The cult began flying people into the area via their series of private jets. The cult’s de facto leader, a woman named Ma Anand Sheela (aka Sheela Silverman) exacerbated the growing conflict with her crude and inflammatory rhetoric. She was dismissive of the townspeople’s complaints. Locals began to talk openly about hunting Rajneeshees in “turkey shoots.” Things were coming to a boiling point.

5_America's-most-dangerous-cult Air conditioning is for winners.

Antelope wasn’t the only town targeted by the Rajneeshees. In an attempt to pack the Wasco County government with Rajneesh’s followers, the cult targeted the voting population of The Dalles, Oregon.

In order to incapacitate The Dalles voting population so only cult members would be healthy enough to make it to the polls on voting day, the cultists spread Salmonella enterica Typhimurium on salad bars and in salad dressings throughout the city. 751 people picked up salmonellosis, 45 of those were hospitalized. No one died, but the locals were immediately suspicious of the rash of food poisonings. There were too many for it to be coincidental. Local leaders and citizen suspected the Rajneeshees. The evidence was purely circumstantial, however.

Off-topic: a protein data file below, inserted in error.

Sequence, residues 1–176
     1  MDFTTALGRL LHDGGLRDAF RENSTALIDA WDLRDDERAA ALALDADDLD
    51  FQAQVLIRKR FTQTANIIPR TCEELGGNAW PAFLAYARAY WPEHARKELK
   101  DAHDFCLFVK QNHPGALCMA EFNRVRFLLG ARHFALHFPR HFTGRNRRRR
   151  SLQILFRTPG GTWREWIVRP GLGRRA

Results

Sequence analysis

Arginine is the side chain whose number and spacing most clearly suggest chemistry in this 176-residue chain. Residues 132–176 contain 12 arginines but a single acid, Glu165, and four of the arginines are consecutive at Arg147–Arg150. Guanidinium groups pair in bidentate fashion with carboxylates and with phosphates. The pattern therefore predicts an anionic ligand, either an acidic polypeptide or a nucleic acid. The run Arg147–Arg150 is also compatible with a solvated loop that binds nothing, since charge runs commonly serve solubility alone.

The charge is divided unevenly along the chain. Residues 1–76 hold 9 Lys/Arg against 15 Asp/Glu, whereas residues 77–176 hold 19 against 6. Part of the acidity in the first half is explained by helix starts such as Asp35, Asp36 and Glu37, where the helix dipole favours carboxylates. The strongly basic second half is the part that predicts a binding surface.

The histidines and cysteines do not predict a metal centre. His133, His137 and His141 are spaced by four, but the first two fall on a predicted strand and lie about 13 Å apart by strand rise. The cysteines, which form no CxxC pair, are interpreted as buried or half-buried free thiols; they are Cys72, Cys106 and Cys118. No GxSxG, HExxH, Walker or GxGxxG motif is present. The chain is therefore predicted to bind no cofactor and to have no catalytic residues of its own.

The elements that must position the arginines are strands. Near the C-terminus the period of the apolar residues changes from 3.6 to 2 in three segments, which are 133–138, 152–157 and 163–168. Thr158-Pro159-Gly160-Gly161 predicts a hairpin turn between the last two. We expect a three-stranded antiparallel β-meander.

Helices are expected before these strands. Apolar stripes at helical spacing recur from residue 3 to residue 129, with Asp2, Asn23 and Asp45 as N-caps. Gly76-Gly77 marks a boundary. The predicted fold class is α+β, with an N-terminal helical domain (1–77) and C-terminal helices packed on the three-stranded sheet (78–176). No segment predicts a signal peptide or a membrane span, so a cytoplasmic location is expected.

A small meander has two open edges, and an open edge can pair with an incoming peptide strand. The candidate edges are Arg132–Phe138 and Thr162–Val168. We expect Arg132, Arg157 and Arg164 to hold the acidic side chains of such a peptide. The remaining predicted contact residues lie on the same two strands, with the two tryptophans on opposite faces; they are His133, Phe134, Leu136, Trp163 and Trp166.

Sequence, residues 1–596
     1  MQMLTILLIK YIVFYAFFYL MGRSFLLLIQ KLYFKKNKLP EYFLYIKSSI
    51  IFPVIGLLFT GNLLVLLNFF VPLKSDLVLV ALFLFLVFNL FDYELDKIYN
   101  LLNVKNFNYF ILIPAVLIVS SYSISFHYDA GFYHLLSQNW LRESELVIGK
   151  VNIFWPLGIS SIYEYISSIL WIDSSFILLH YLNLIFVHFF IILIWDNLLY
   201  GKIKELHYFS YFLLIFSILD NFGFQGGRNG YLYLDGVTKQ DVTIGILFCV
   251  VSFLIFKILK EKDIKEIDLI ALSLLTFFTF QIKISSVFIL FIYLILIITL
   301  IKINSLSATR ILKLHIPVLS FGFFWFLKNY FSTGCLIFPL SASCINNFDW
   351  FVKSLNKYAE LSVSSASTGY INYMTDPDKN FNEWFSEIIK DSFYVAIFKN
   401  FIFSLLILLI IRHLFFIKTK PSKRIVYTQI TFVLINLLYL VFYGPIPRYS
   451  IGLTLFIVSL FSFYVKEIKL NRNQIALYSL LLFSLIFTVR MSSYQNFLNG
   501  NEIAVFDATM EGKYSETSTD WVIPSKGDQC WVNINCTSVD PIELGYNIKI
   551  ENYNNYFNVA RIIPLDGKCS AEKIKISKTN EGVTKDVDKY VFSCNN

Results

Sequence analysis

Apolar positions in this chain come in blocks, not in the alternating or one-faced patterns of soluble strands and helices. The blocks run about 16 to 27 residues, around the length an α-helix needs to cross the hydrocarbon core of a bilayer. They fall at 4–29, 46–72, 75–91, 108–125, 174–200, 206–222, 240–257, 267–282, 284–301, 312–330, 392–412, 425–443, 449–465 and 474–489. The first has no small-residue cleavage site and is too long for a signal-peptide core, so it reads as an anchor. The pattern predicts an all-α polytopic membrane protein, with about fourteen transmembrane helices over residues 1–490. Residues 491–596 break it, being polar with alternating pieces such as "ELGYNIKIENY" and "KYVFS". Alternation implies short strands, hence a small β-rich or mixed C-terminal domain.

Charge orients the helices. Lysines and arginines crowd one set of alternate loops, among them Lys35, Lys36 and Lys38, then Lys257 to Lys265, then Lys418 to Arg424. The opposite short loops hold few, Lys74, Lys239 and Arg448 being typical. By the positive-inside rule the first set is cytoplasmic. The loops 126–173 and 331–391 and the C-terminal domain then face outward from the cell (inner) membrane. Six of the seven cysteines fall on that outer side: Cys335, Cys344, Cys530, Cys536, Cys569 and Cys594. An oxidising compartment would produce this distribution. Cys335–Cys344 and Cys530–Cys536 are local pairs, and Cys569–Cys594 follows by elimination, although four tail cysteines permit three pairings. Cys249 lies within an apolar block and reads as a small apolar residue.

The leader of Boko Haram was killed on the order of the Islamic State
If you’re eating at Taco Time or Burgerville, food poisoning is likely to happen eventually.

Rajneesh, who was in a self-imposed isolation the entire time, finally came out and spoke up as a governmental inter-agency task force was being assembled to take on the cult. He called a press conference to blame everything on Sheela, who had conveniently just fled the country.It was almost an entire year later, but once the task force was formed, search warrants were issued and the Rajneeshee ranch was raided. Law enforcement found copies of The Anarchists’ Cookbook as well as samples of the salmonella strain used in the attack.

Rajneesh blamed the running of the commune on Sheela and admitted his complicity by remaining in isolation. He was fined and given a suspended sentence before being deported.

12_America's-most-dangerous-cult She seems okay with it.

Ma Anand Sheela and another woman were extradited to the U.S. from West Germany, while Rajneesh himself  couldn’t find a country who would take him until he ultimately ending up back in India where he started. Sheela served 29 months of a twenty year sentence. Rajneesh died in 1990.

It was the only instance of bioterrorism on American soil until the 2001 Anthrax mailing attacks. The camp is now a Christian youth camp.

 

All cult photos © 2003 Samvado Gunnar Kossatz, used by permission

Articles

This former SEAL Team 6 member is climbing Everest for vets

A former member of SEAL Team 6 and founder of Frogman Charities is headed to Mount Everest to try and become the first Navy SEAL to summit the world’s highest peak.


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Former Navy SEAL and adventure racer Don Mann. Photo: Will Ramos Photography

Don Mann is an accomplished athlete and climber with the goal of standing on top of the tallest summit on each continent. He’s starting with a climb up Everest, and at the same time he hopes to draw attention to the challenges that the military community faces every day.